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??'s about replacing a self-heating Tstat (for steam)

Precaud
Precaud Member Posts: 368
OK, I've about had it with this Moneywell RTH230B thermostat. The reason: self-heating causes short-cycling when recovering from setback.
Example: woke up this am to 68F, bumped the control up to 70F to take the morning chill off. Boiler fires. Within a minute or two the temp reading is 69F. In another 6-7 minutes, it reads 70F. No heat has been produced by the radiators, but the tstat says it is 2F warmer. In reality, the main vents are still open, it's still warming up the mains. After a few minutes at the target temp, the tstat considers the temp target to be satisfied, and shuts the boiler off. Again, no heat has been produced. With CPH set to 2, it will be another 1/2 hour before it fires again. During that time the temp reading will settle back down toward 68F, which is the real temperature anyway. And then it will start another short-cycle.

My priorities for a tstat are: accurate, steam-compatible, uses AA batteries (I hate AAA's), non-programmable.

First question. Is this behavior typical?

Second question. Some brands use a CPH setting to accomodate steam systems. Others use a "temperature differential". Which is better, which do you prefer, and why?

I'm looking at an ICM SC1600L.
https://www.supplyhouse.com/ICM-Controls-SC1600L-Non-Programmable-SimpleComfort-Heat-Only-Thermostat-w-o-Fan-Switch-Single-Stage
1950's Bryant boiler in a 1-pipe steam system at 7,000 ft in northern NM, where basements are rare.
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Comments

  • Jamie Hall
    Jamie Hall Member Posts: 16,606
    No, that behavior of a thermostat is neither typical -- nor correct. Some thermostats have what is called an anticipator in them, which is simply a very small heating element which warms the thermostat -- slightly -- so that it will turn off soon enough so that the temperature of the space won't overshoot.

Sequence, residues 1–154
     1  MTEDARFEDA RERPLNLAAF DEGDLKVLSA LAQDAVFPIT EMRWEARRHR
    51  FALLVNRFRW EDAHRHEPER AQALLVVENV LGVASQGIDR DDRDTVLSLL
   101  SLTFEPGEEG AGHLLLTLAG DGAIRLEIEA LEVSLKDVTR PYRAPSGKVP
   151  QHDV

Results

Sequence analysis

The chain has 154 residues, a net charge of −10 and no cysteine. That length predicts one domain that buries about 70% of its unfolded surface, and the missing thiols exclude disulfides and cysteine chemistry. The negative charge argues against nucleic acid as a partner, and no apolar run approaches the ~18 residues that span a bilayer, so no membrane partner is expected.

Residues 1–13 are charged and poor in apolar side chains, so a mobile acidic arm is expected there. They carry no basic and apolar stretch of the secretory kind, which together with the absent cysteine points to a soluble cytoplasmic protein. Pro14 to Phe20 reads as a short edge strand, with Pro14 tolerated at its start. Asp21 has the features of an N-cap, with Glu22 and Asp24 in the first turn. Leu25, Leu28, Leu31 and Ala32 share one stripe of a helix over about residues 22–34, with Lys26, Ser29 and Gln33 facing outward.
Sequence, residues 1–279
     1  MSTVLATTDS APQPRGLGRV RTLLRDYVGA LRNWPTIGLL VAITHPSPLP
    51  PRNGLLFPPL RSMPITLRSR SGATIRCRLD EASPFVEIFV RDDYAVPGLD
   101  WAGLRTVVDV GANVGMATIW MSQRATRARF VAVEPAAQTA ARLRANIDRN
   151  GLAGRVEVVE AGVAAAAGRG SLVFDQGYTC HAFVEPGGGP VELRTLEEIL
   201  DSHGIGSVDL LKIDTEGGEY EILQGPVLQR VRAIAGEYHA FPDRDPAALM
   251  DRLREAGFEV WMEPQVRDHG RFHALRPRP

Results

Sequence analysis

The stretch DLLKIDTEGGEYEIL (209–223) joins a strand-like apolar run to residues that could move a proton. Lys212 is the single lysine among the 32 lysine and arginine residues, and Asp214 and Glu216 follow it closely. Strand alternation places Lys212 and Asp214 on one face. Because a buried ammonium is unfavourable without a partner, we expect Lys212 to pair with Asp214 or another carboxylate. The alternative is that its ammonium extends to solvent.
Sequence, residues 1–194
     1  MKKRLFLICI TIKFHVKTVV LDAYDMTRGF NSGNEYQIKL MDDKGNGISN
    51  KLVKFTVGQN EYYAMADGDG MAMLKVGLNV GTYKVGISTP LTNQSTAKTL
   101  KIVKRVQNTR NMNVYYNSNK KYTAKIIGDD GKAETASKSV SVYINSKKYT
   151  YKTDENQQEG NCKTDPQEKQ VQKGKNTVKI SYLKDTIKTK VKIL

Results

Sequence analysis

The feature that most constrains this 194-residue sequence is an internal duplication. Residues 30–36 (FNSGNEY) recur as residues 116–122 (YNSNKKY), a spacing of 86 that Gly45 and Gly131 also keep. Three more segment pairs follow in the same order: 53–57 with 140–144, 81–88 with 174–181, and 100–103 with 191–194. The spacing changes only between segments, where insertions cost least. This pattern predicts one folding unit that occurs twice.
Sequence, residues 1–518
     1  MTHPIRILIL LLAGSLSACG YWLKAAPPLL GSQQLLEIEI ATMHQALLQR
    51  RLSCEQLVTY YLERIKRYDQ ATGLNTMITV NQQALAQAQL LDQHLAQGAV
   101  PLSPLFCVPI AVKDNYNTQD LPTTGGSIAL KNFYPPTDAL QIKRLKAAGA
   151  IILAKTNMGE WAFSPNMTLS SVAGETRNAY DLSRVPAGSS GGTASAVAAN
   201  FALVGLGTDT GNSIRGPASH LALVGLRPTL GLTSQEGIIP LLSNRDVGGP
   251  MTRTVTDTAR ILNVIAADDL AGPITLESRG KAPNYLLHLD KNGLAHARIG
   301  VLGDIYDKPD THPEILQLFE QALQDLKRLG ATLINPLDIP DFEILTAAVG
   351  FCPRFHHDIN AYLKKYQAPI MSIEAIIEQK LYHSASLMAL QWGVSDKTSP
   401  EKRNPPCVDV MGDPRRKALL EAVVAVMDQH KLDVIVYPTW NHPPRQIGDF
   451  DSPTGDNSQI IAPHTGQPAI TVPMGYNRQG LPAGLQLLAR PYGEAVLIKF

It is possible that that element is damaged in your thermostat in such a way as to be overenthusiastic, although that degree of overenthusiasm is highly unlikely. It is also possible that your thermostat is wired in such a way as to be switching far too much current. A normal 24 volt thermostat should not be switching more than 1 amp -- or less (line voltage heating thermostats can cope with 15 amps, but that's a very different beast).

    I would check the wiring and see what the thermostat is actually connected to. If I had the test equipment, even better would be to actually measure the amperage in the thermostat wiring when the thermostat is calling for heat -- and if it's over half an amp or so, find out why.

    Before you go out and buy an electronic thermostat, which excess current will simply fry.
    Br. Jamie, osb
    Building superintendent/caretaker, 7200 sq. ft. historic house museum with dependencies in New England
    LS123
  • EdTheHeaterMan
    EdTheHeaterMan Member Posts: 2,221
    On older mechanical thermostats there is a heat anticipator that was adjustable (on most thermostats). Your current digital thermostat heat anticipator feature is not compatible with your steam system’s long operation cycle.

    It looks like your choice is a good one because it has an adjustable differential.
    Edward Young
    Retired HVAC Contractor from So. Jersey Shore.
    Cleaned & services first oil heating system at age 16
    LS123
  • Jamie Hall
    Jamie Hall Member Posts: 16,606
    OK took a look at that specific model thermostat. That model does NOT have an anticipator, but rather a cycles per hour setting.

    That said, if the temperature reading on the face of the thermostat is behaving as you say, there are only two possibilities: either the thermostat is seriously defective in a most unusual manner or, much more seriously, there is a high resistance short or other source of heating in the wiring at the thermostat base.

    You may have a serious fire hazard there. Double and triple check all the wiring.
    Br. Jamie, osb
    Building superintendent/caretaker, 7200 sq. ft. historic house museum with dependencies in New England
  • Precaud
    Precaud Member Posts: 368
    @Jamie Hall : Interesting, so you suspect the relay is generating the heat, possibly due to it switching excessive 24V current. I hadn't considered that. I'll check it out. BTW, the RTH230B IS a digital programmable tstat...